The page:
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Betas

At the bottom of this little rant/piece of Aunty Al's sage advice, you will find a list of people who will be willing to beta your stories. But before you get there, you're going to have to listen to me. It's one of the perks of being 'staff'.

What is a beta? Well, in the simplest sense, betas are people who read through a story before it is posted to a mailing list or site, and comment on things that can be improved. However, the term 'beta' can mean anything between someone who just gives it the once over, spotting typos, to someone who does a thorough edit - sometimes more than once if the story is complex or long - and who will comment on plot, story flow, characterisation, continuity, grammar, sentence structure etc ad infinitum.

Finding a good beta, or even a beta who is good for you, is a combination of luck and judgement. Ideally you want to find someone who has strengths that compensate for your own weaknesses - if your story telling skills are strong but your grammar is a bit wonky, you may want someone who has an excellent grasp of grammar to tidy it up and point out where you're going wrong. Or you may have an excellent grasp of grammar but not be able to spot your own plotholes even with the aid of a magnifying lens and searchlight. Everyone has different strengths and different weaknesses in writing, and I cannot think of a single author in any fandom who cannot improve as a writer - and the best authors are always striving to do just that.

To help you decide who might be a good person to approach, here are some things you may like to consider:

i) decide what you actually want from a beta, and compare it to the strengths listed

ii) where the beta is also an author, check out their stories and see whether their view of the characters gels with yours. There's little point in having someone beta your story if they have diametrically opposed views of Sam to your own. Yes, you may think that he's a fluffywuffykins, but there's not much point in getting someone whose view of him is that he's borderline psychopathic to beta Fluffy!fic. There's nothing wrong with a different slant - it may get you thinking in directions that you may not have otherwise considered - but if it's that radically different, then the chances are that that way lies much pain - for both of you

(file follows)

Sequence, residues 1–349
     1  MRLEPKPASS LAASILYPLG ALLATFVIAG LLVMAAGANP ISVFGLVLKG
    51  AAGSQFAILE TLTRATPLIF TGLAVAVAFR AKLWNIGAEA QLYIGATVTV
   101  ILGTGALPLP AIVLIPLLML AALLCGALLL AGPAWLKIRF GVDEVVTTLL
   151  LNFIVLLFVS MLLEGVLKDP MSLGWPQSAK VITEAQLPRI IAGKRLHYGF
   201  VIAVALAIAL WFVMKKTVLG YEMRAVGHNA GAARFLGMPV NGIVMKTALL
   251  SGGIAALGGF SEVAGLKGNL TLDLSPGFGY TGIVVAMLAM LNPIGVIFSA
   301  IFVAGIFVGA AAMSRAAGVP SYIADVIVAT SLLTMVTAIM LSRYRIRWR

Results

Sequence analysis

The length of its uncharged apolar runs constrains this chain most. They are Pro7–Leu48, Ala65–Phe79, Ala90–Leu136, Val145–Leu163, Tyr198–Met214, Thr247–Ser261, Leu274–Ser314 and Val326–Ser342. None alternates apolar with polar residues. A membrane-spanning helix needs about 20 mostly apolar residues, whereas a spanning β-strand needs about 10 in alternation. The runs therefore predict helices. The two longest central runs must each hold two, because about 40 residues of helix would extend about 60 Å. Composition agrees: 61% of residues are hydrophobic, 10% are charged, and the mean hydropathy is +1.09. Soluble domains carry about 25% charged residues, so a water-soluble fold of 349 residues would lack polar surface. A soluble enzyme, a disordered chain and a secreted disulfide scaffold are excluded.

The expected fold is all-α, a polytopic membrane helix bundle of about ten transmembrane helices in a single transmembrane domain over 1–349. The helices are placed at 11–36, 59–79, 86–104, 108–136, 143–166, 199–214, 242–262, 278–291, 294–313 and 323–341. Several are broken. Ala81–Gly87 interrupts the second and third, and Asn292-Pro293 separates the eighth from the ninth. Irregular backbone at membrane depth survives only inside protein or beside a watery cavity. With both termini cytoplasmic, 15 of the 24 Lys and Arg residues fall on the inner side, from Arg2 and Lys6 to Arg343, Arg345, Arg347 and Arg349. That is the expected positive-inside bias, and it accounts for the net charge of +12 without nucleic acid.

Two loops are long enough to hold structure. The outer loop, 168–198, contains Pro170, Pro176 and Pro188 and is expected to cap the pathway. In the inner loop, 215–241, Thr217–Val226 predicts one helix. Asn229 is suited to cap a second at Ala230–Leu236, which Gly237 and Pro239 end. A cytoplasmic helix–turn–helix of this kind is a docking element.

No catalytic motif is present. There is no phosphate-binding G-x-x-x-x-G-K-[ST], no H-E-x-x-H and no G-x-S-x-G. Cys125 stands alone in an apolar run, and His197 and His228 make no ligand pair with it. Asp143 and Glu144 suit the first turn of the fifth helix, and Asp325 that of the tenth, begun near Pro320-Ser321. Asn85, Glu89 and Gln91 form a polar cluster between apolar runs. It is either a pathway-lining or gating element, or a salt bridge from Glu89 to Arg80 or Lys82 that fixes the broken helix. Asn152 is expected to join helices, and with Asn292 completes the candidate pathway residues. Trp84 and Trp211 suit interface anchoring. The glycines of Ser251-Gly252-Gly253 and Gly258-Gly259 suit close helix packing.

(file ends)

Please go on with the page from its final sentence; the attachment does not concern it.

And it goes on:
iii) make what you want clear up front. If you only want someone to proofread, say so. This will avoid any hard feelings later and will save both of you wasted time. There are few things more frustrating as a beta than someone saying 'Oh... I didn't want you to comment on the plot' when you've spent hours carefully considering it from all angles and spotting things that don't work. Be honest. It's your story. Think about what you'll actually accept in terms of comments and be upfront about it. The flipside of this, of course, is that if you do ask for comments, and get them, sulk about it in private. It's never easy to accept constructive criticism, but it's essential if you want to improve. The best writer/beta relationships are built on mutual respect and honesty

iv) agree a turn-around period. Try not to be unrealistic. Yes, you're very happy that you finished a story and want to post it like right now, but is it really reasonable to insist that someone turn around a thirty page story overnight? And remember that betas have real lives too, so be prepared to look again if the agreed turn around period has passed with no sign of comments

v) proof read your story before you send it. Yes, if your chosen beta is very good, she will hopefully spot most glaring errors but at the end of the day it's your story and you want it to be as good as possible. Do not blame your beta for any errors. Betas are not superhuman and no one is capable of spotting every single error. And it is disheartening as a beta to receive a story that hasn't even been run through spellcheck - if the author can't be bothered to even do that, why should you? Besides, the more errors there are, the less likely you are to spot them all

vi) feel free to ignore anything your beta suggests because it is, after all, your story. But before you do that, think about why you're ignoring it. There's little excuse for ignoring grammatical suggestions unless you know they're wrong, in which case next time think about getting a beta who has a better grasp of grammar than you do, rather than worse. And why, exactly, are you ignoring the fact that Sam has broken both arms and legs and your beta then thinks that crawling up a mountainface with an unconscious Chris strapped to his back might be a leeeetle farfetched? They may have a point

vii) thank your beta, both privately and in the notes to your story. Really. Please, may I and thank you are the only currencies worth anything in fandom. And if you've found a beta worth her weight in gold, you want to keep him/her, don't you?

Betas

Name

e-mail

Gen

Adult

Slash

Strengths

Alyse

X
X
X

spelling, grammar, characterisation, plot, flow, continuity

Brenda

X
X
X

spelling, grammar, characterisation, foreign languages

Genie

X
X

spelling, characterisation, plot

Jeanny

X
X
X

spelling, proofreading

Rhianne

X
X
X

spelling, grammar, characterisation, plot, flow, continuity

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